Serenidad. Teresa’s body has betrayed her, and she is dying. I love and adore her. I have placed my lust in abeyance, to celebrate the sister I have found in her. But the wounds the Klingons left are deep. I must become lover to this sister, wife to a great man. There is so much joy, at first. But then she becomes a monster, impossible to please. I become as a machine. Wrongness. Violation. Guilt. Shame. I ask God to forgive me for falling in love with another man’s wife. Silence must reign.

Now, the two crimes were followed upon.

David, who looked so like you, but had so much growth ahead. He is slain, and I cannot bear to be without him. I do not mean to imprison all that he is. But I do. I must not be alone.

Calita, who was so like you, but had so much growth ahead. She was weakened by her early trials, and I used this mercilessly. I tell her that I want to make her my wife. But while I care for her, this is a lie. The one I want to make my wife—is already a wife, and a mother, and I have called her sister. Teresa. You introduced us to keep back from me. I proposed to our poor fragile Calita for the same reason.

One last phrase came, as the meld ended.

For my own needs, I lied and kept a living heart imprisoned. What sort of monster am I?

They stared at one another as they came to.

Peter finally spoke. "You scare me. You scare the living hell out of me. Because you are so smart, so strong, and so very damned pretty. I’ve hurt and used people. I’ve been hurt and used. But only in you do I sense the power to just destroy me entirely."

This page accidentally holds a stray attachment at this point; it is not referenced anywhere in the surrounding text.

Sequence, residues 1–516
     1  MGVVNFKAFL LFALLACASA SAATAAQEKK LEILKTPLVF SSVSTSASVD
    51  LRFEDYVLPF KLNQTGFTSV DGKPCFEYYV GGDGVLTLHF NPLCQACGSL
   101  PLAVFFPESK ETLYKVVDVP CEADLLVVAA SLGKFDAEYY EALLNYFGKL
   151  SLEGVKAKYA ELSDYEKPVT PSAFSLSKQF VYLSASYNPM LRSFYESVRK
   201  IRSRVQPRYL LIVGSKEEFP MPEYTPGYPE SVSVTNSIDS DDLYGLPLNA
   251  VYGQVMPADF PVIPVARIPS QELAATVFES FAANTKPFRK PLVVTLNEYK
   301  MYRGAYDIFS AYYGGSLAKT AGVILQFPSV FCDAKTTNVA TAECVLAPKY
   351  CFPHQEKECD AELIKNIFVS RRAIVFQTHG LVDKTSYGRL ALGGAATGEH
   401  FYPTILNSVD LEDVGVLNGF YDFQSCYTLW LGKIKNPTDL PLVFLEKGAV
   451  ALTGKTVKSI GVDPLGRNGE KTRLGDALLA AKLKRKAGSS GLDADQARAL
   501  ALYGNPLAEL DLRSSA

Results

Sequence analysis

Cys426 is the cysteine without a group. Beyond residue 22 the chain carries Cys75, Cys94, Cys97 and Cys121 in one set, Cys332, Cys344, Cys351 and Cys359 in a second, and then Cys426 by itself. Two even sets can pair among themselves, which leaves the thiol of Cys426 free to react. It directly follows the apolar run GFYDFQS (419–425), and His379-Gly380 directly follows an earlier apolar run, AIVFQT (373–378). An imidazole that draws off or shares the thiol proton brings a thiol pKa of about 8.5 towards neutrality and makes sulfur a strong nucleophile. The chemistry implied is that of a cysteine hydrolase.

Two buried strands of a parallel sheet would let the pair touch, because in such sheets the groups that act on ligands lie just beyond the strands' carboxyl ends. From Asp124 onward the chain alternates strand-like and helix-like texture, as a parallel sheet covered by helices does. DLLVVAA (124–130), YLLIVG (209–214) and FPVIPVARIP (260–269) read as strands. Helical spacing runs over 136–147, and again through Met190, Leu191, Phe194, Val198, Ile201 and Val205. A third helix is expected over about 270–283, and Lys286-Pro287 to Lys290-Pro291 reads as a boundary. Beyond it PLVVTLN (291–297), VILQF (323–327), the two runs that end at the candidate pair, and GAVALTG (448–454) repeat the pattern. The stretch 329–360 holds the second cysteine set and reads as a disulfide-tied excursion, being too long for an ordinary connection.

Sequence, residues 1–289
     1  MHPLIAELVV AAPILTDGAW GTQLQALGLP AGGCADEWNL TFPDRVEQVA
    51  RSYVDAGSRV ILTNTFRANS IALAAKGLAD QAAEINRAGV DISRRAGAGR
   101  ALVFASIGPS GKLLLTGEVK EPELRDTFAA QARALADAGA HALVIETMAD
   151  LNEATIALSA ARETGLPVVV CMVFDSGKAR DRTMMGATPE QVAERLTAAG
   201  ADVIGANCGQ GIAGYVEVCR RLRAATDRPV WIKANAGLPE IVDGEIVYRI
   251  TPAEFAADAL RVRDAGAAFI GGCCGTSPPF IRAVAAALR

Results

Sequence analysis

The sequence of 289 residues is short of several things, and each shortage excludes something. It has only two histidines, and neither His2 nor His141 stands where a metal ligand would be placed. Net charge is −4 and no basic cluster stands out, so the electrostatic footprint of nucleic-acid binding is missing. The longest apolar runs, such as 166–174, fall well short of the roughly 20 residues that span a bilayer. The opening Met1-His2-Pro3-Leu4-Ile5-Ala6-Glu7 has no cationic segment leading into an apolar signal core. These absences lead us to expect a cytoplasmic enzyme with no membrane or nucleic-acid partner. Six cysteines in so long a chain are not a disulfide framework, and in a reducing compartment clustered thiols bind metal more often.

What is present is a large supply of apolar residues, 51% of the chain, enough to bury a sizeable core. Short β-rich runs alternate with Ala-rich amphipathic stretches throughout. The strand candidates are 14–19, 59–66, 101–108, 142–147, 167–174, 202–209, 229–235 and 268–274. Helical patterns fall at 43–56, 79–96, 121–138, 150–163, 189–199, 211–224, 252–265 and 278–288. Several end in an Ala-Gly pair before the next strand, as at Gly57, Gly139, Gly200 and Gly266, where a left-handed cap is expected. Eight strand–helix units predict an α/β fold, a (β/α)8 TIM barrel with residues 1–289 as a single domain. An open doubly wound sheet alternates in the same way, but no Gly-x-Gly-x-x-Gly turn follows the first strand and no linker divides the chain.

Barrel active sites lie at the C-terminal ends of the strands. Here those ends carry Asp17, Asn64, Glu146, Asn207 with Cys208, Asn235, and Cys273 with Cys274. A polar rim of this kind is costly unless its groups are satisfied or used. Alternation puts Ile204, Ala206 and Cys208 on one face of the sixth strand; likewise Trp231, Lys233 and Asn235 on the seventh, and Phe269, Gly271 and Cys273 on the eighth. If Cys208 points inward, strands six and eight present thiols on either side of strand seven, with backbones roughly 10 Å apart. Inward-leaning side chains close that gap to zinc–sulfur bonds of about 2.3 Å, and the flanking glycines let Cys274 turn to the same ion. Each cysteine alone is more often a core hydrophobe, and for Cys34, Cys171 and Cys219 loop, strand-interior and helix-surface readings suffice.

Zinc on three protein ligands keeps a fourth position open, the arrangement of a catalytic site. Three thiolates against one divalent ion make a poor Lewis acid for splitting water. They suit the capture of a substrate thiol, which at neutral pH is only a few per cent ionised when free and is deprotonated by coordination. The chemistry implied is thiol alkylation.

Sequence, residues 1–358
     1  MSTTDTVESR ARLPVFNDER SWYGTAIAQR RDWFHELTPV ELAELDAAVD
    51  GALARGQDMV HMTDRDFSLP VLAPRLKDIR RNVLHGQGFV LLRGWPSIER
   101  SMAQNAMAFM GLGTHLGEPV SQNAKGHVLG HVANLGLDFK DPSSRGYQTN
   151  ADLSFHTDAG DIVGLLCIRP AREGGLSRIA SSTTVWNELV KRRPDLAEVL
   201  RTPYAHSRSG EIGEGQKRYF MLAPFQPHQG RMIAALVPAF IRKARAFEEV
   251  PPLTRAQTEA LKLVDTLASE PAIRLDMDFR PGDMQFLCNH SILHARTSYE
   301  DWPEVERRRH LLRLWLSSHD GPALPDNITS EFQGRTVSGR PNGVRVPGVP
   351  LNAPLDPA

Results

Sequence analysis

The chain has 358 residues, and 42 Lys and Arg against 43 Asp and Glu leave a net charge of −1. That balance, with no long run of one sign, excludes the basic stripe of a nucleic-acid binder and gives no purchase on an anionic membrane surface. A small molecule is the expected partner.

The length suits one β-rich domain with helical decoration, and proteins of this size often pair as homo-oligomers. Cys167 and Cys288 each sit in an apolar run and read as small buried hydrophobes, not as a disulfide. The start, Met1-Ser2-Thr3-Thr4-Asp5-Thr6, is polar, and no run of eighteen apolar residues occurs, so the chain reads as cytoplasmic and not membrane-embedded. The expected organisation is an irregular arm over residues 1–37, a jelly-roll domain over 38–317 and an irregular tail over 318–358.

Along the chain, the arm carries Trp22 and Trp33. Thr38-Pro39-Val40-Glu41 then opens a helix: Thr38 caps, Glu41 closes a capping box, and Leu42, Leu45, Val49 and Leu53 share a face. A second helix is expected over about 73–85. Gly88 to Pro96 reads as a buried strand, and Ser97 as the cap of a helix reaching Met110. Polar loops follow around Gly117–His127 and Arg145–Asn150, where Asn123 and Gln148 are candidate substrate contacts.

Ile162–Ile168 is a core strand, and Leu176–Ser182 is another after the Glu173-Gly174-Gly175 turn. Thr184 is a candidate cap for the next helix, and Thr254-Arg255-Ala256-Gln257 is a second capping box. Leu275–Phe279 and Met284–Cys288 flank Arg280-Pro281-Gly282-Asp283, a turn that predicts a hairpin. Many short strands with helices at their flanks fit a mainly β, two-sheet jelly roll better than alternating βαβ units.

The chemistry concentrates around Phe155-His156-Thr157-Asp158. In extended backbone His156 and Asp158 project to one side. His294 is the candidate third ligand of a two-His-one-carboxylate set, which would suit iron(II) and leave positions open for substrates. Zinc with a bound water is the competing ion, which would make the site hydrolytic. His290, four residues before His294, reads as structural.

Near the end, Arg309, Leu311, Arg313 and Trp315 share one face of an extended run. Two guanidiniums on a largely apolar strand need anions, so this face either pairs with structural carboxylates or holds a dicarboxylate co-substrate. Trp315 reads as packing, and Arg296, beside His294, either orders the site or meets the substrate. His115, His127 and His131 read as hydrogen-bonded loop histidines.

Weighing his words for about a minute, Saavik responded, "You were not what I expected. I fought your coming here at first. I fully expected that your grief over Demora Sulu would have you off the bridge that very first day. I had become expert at pushing people away. But you refused to be put off by any turn. So frustrated, I met the challenge you posed, thinking certain that you would not be equal to it. You won’t go away, though. No matter my determination or my efforts."

So it was that the scared little boy leaned over and kissed the angry little girl, and quickly the fear and anger both possessed in nearly equal portions fell away in waves. Fate’s stepping in just then only confirmed for these two the correctness of their choice.

"Vasquez to Kirk."

A mild chuckle passed between the two. Each, in their own way, had expected just such an event.

"Kirk here. What’s up, Robbie?"

The chief science officer sighed. "Sorry, Pete. I know you’re off-shift, and with some reason. But we need you down here, ASAP."

Briefly brushing Saavik’s lips with his own again, Peter answered. "On my way, Mister Vasquez."

She took his hand as he arose. "Slowly, then?"

Gratefully, Kirk nodded. "Past history would seem to make that a logical course." He kissed her yet again. "Of course, this may test our patience."

She grabbed and kissed him back. "Be certain of that."

She departed for her upcoming shift on the bridge, and he for Sciences. The slight smiles that they could not fight off had people all over the ship guessing.

Saavik and Peter let them keep guessing.